The soldiers operating Ukraine’s fleet of low-cost attack drones are worried that, even though they invented the technology, their rivals are catching up to them as Moscow invests heavily in the drone industry.
One of the least expensive tactics Ukraine has employed to protect itself from a full-scale invasion by Russia, its neighbor and stronger state, is the deployment of nimble First Person View (FPV) drones in combat.
However, Moscow has also gradually mirrored and increased its use of these drones, which were originally made for racing by hobbyists and enthusiasts but are modified to carry explosives, to devastating effect.
Every week, both countries publish onboard camera footage from FPVs, which cost several hundred dollars, flying towards and taking out enemy tanks and radar systems worth millions.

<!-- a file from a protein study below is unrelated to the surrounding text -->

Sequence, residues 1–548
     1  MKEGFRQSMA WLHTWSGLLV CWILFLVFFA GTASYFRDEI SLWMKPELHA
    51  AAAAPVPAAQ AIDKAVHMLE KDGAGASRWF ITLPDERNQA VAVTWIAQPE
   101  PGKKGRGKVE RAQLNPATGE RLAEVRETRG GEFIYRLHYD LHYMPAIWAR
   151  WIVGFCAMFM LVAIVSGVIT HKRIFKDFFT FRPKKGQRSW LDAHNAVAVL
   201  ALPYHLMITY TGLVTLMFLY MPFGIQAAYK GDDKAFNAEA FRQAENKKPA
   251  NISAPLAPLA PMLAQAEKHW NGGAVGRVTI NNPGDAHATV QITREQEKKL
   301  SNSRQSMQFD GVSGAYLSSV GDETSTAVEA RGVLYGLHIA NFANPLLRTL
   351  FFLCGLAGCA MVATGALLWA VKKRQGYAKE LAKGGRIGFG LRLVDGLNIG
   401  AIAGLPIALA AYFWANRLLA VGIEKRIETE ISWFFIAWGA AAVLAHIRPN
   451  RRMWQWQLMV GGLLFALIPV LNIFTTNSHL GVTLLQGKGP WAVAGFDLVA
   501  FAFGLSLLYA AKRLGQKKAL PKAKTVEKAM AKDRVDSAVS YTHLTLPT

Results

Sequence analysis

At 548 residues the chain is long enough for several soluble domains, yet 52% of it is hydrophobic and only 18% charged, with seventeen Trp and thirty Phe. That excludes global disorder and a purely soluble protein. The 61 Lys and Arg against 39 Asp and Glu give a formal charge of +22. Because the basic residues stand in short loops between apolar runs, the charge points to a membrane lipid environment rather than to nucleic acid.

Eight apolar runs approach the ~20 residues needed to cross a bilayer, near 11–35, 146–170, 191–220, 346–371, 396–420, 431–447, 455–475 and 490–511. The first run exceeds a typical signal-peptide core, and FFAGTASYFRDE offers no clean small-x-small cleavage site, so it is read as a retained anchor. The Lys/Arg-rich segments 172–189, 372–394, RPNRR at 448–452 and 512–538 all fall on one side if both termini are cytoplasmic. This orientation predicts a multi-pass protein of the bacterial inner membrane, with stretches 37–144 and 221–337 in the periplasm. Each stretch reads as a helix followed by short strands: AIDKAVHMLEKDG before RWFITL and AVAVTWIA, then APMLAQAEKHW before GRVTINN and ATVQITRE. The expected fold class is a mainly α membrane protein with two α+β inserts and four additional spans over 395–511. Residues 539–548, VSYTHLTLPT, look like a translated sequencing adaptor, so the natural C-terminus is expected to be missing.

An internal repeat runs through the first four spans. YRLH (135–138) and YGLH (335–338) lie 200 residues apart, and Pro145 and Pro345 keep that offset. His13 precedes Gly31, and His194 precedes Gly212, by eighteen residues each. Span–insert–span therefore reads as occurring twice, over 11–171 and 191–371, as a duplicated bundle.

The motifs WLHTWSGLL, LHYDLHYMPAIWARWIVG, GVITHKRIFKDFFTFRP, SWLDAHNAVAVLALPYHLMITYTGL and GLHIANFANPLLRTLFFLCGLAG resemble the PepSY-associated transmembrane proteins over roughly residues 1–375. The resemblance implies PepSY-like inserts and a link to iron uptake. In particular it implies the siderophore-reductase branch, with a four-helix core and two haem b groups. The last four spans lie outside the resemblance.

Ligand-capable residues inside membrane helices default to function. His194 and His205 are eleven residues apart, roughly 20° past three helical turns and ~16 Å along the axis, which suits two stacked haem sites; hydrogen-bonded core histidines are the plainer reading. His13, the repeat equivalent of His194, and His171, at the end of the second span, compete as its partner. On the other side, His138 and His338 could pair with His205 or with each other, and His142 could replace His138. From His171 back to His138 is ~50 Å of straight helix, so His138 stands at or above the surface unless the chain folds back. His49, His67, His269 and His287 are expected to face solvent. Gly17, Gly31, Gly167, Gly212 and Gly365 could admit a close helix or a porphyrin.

In a field in eastern Donetsk region where they had come to perform a test flight, drone pilots from the 80th Airborne Assault Brigade fighting near Bakhmut said Russia was gaining the upper hand through more organised supplies and greater spending.
“Their drones are always in the air, day and night. We can see they’ve implemented serial production of drones for reconnaissance, surveillance and for strikes,” said a 34-year-old drone platoon commander, who introduced himself by the callsign “Komrad”.